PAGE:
Body Parts of Empire is a study of abjection in American visual culture and popular literature from the Philippine-American War (1899–1902). During this period, the American national territory expanded beyond its continental borders to islands in the Pacific and the Caribbean. Simultaneously, new technologies of vision emerged for imagining the human body, including the moving camera, stereoscopes, and more efficient print technologies for mass media.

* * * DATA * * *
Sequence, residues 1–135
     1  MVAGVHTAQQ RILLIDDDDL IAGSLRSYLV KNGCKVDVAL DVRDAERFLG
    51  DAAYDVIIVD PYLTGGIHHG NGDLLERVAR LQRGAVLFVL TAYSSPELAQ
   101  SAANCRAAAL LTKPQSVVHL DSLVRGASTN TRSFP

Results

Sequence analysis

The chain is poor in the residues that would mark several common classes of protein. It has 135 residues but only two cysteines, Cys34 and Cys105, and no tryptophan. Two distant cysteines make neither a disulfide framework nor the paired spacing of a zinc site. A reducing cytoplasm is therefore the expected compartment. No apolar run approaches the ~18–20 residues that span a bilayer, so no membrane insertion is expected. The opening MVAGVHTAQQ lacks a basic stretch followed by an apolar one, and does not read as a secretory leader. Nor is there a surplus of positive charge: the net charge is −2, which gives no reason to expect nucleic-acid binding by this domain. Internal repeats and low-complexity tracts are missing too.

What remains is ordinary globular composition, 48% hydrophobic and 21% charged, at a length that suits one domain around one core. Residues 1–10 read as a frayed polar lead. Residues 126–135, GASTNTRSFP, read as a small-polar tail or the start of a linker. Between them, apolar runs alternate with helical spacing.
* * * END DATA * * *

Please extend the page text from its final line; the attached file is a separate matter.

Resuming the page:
Rather than focusing on canonical American authors who wrote at the time of U.S. imperialism, this book examines abject texts—images of naked savages, corpses, clothed native elites, and uniformed American soldiers—as well as bodies of writing that document the goodwill and violence of American expansion in the Philippine colony. Contributing to the fields of American studies, Asian American studies, and gender studies, the book analyzes the actual archive of the Philippine-American War and how the racialization and sexualization of the Filipino colonial native have always been part of the cultures of America and U.S. imperialism. By focusing on the Filipino native as an abject body of the American imperial imaginary, this study offers a historical materialist optic for reading the cultures of Filipino America.